Job interviews can be daunting. Fact. But when you’re embarking on a career change, they tend to become 100 times more stressful. It’s hard enough to explain yourself to family and friends, so when employers want to know the reasons behind your career change and/or question your intentions, it’s easy to feel attacked or completely confused about how to respond. How can you convince a stranger who knows nothing about you that you’ll be great at a job you’ve never done, and how much should you say about the real reason you’re starting over again? Here’s all the career advice you need to confidently answer the top six annoying interview questions for career changers.

Why should we hire you? You haven’t got any experience in this role

Having already seen your CV before inviting you for an interview, common sense would suggest that your lack of experience isn’t a deal-breaker for your potential employer. Despite this, interviewers still love to ask the ‘why should we hire you?’ question. If you’re faced with these dreaded words at your next interview, don’t take it as a sign that it’s time to resume your job search – it’s not. Instead, this question gives you the perfect opportunity to showcase your transferable skills.

How to answer it:

All the career advice in the world can’t bypass the fact that this is a question you need to prepare for before your interview. You can do this by breaking down your previous jobs. Get a piece of paper and write 10 or more tasks you did in each job. Also write down the things you accomplished.

Once you have a task-based version of your employment history in front of your eyes, write out a short statement that summarises the most relevant things you did in each job. This statement is what you will use to show the interviewer that despite first impressions, your work history lends itself really well to the career transition you’re making.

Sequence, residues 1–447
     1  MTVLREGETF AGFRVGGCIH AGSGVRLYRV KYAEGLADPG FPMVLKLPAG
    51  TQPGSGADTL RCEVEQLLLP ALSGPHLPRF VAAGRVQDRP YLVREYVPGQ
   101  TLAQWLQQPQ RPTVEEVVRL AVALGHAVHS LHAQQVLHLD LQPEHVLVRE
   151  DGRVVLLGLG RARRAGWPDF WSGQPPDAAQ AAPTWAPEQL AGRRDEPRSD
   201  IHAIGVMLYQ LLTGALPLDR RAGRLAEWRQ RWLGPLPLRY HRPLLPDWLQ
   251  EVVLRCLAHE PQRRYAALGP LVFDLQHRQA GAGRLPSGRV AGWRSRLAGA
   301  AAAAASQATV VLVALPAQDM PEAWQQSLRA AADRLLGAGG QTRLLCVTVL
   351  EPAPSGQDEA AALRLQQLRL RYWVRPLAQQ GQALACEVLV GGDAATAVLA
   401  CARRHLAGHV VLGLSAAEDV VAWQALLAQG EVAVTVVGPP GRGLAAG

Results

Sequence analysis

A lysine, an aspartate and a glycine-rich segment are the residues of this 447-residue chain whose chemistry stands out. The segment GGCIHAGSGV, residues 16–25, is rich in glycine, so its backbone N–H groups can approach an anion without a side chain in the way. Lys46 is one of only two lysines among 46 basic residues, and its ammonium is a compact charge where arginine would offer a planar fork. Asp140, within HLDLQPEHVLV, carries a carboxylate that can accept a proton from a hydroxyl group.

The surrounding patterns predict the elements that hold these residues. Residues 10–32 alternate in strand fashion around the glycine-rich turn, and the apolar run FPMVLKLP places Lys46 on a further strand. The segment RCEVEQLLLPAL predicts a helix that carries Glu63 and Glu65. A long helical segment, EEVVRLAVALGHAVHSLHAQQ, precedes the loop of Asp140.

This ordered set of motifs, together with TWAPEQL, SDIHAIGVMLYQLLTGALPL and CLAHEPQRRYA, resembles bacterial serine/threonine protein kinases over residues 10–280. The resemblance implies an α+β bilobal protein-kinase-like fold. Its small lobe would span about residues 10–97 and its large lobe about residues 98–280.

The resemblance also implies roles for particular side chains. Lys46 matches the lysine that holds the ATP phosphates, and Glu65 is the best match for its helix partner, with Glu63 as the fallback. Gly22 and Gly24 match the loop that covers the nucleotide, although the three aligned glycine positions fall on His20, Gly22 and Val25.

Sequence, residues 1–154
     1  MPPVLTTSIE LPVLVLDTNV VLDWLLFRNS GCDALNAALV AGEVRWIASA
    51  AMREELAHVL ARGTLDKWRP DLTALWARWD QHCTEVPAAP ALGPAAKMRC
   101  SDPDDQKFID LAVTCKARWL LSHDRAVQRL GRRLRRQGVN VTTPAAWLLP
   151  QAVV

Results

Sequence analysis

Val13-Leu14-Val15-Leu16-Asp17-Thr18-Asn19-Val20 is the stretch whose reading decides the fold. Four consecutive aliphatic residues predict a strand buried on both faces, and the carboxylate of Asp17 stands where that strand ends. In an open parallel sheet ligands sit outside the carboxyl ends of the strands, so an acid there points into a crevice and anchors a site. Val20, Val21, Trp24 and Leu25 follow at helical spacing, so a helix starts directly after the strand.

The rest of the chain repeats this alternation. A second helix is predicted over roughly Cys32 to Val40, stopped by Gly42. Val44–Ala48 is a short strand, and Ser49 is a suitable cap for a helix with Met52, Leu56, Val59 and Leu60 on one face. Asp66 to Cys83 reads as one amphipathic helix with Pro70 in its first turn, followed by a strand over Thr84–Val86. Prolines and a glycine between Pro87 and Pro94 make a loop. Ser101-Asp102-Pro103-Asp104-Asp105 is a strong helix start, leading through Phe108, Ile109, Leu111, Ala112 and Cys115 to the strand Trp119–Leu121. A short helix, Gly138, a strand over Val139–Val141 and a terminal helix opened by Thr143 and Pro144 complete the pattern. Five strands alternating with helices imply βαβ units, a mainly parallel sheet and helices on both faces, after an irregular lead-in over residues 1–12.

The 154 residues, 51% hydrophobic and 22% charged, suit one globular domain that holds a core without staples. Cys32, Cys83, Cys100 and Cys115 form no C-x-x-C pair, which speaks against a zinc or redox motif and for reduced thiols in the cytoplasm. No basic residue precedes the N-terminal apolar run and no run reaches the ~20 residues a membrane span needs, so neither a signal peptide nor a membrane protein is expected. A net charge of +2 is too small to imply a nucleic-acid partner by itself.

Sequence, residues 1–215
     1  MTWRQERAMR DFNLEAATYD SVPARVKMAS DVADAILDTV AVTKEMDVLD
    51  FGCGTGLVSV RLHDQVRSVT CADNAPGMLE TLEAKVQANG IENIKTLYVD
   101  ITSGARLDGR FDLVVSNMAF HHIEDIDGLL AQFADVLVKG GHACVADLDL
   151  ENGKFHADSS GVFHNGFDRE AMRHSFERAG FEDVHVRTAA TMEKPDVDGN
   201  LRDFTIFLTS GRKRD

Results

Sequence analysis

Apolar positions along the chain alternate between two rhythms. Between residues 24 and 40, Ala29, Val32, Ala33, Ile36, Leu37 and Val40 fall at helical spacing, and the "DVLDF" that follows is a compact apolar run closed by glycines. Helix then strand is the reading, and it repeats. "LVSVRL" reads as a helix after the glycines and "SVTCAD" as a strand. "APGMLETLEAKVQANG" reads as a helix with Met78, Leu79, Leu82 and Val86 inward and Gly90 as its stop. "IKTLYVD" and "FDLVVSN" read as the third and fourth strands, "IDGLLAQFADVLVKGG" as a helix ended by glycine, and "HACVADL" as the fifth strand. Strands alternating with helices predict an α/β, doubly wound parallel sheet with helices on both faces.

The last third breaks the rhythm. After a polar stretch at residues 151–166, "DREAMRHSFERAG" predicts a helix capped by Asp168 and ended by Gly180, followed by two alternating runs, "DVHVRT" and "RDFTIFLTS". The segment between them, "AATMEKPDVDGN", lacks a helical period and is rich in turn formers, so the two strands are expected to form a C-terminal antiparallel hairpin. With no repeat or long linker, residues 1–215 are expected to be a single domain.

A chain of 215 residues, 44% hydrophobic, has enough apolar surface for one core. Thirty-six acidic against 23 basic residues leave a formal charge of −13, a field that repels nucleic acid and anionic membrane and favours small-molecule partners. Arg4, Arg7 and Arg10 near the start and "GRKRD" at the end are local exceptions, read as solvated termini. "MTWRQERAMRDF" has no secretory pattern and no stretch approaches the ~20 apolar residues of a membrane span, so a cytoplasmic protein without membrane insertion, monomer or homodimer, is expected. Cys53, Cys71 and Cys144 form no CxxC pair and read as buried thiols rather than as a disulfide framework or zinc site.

Can you do this role?

The best way to answer this question is with confidence and honesty. If you’ve never done this job before, there’s no point in exaggerating your skills and experience because if you do get the job, you will most likely struggle if you’re thrown in at the deep end because you lied about your level of competence. However, there’s no need to paint yourself as completely inexperienced.

How to answer it:

Accept that you have not done this exact role in the past but emphasise the fact that you have performed roles that called for the same skills needed for this role. Give examples of when you have done something similar, focus on describing the results you achieved and draw parallels between the two experiences. For example, if you’re interviewing for a job as an event planner, but you used to be a press officer, you can refer to examples of when you took the lead with organising a multi-faceted project. Talk about how you had to time manage, budget manage, and liaise with internal and external team members etc. Bring physical evidence of your past accomplishments with you too.

Why are you changing careers?

Whatever the reason for your career change or job change, the most important thing to remember is to answer the question in a non-defensive way that shows you’re 100 percent confident with your decision and not still harbouring uncertainty or emotional baggage about how and why you left your previous job.

How to answer it: